Back Rake Angle: Sometimes called the top rake angle, the back rake angle for solid carbide boring bars is ground to help control the flow of chips cut on the end portion of the tool. This feature cannot have too sharp of a positive angle as it decreases the tools strength.

Side and End Relief Angles: Like the end cutting edge angle, the main purpose of the side and end relief angles are to provide clearance so that the tools non-cutting portion doesn’t rub against the workpiece. If the angles are too small then there is a risk of abrasion between the tool and the workpiece. This friction leads to increased tool wear, vibration and poor surface finish. The angle measurements will generally be between 0° and 20°.

Boring Bar Geometries Summarized

Boring bars have a few overall dimensions that allow for the boring of a hole without running the tool holder into the workpiece, or breaking the tool instantly upon contact. Solid carbide boring bars have a variety of angles that are combined differently to distribute the 3 types of cutting forces in order to take full advantage of the tool. Maximizing tool performance requires the combination of choosing the right tool along with the appropriate feed rate, depth of cut and RPM. These factors are dependent on the size of the hole, amount of material that needs to be removed, and mechanical properties of the workpiece.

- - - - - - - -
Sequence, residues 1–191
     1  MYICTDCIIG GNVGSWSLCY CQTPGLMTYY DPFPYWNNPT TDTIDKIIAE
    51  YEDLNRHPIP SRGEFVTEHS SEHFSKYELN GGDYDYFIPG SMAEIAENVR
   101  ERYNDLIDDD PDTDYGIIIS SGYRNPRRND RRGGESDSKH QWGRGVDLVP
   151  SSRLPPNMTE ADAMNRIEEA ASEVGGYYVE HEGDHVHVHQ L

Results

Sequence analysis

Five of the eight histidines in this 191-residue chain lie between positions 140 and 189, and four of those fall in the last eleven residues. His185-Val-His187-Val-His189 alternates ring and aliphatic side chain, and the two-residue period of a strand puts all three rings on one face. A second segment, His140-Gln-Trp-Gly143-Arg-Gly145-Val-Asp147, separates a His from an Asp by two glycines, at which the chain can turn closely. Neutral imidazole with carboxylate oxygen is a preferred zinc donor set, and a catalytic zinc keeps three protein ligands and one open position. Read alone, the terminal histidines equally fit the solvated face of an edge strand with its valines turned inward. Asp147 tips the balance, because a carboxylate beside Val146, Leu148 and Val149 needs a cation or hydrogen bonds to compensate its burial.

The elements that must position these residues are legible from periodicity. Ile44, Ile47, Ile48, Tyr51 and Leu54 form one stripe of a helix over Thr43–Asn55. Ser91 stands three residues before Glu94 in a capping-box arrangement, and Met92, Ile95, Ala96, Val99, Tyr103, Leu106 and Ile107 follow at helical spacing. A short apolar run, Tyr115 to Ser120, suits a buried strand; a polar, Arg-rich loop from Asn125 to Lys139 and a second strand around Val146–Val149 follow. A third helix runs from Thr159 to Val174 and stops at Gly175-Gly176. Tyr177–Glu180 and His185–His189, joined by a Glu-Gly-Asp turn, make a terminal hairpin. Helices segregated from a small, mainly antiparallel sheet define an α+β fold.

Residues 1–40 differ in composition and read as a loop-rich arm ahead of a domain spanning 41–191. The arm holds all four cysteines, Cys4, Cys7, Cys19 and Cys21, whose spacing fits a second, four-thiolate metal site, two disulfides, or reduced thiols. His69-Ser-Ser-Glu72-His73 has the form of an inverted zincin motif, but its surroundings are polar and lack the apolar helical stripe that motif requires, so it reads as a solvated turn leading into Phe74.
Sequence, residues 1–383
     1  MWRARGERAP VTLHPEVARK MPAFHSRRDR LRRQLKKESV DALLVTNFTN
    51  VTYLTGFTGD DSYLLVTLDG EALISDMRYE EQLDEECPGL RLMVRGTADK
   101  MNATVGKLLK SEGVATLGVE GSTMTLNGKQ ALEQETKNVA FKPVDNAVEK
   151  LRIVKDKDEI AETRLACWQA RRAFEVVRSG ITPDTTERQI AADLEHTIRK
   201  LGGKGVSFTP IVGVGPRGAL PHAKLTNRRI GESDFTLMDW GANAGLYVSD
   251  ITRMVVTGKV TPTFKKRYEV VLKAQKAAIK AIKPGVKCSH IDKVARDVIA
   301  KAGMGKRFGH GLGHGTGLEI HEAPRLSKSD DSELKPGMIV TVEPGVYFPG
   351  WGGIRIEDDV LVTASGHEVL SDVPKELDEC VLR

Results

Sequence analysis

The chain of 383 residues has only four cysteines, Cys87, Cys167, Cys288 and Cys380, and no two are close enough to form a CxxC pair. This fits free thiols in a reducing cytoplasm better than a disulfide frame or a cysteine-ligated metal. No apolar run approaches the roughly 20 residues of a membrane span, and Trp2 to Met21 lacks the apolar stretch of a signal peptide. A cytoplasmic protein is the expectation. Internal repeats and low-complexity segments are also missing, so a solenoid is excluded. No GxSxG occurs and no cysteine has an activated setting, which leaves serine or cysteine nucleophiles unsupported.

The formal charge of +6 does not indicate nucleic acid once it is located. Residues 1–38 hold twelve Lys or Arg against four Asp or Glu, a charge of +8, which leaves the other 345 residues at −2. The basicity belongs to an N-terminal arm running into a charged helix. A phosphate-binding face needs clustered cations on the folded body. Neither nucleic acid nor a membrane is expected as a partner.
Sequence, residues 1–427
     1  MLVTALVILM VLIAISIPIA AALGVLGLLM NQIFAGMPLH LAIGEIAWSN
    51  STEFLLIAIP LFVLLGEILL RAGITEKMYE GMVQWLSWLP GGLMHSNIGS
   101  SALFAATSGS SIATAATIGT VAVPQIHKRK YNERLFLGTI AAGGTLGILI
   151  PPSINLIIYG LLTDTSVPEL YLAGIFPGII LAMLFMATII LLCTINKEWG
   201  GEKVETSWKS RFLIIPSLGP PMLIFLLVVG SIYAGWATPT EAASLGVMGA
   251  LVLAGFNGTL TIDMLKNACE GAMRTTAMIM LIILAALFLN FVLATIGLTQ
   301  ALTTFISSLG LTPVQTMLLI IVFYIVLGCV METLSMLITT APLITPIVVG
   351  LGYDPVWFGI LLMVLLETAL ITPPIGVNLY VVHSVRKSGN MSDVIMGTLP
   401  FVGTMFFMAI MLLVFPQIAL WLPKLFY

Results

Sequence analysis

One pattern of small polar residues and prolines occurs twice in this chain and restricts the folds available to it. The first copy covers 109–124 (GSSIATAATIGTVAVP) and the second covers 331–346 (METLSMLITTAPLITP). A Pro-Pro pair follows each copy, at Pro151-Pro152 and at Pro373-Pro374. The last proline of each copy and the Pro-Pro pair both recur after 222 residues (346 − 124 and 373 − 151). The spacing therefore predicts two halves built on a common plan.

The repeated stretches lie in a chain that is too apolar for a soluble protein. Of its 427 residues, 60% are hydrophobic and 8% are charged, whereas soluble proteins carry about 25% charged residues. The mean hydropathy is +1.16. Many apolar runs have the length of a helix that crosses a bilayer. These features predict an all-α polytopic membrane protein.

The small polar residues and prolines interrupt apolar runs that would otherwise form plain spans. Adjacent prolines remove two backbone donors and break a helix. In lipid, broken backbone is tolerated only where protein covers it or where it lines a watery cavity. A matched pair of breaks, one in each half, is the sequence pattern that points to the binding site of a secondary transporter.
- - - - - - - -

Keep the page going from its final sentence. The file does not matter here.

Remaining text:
4 Essential Corner Rounding End Mill Decisions

A Corner Rounding End Mill is typically used to add a specific radius to a workpiece, or in a finishing operation to remove a sharp edge or burr. Prior to selecting your Corner Rounding End Mill, mull the following considerations over. Choosing the right tool will result in a strong tool with a long usable life, and the desired dimensional qualities on your part. Choosing wrong could result in part inaccuracies and a subpar experience.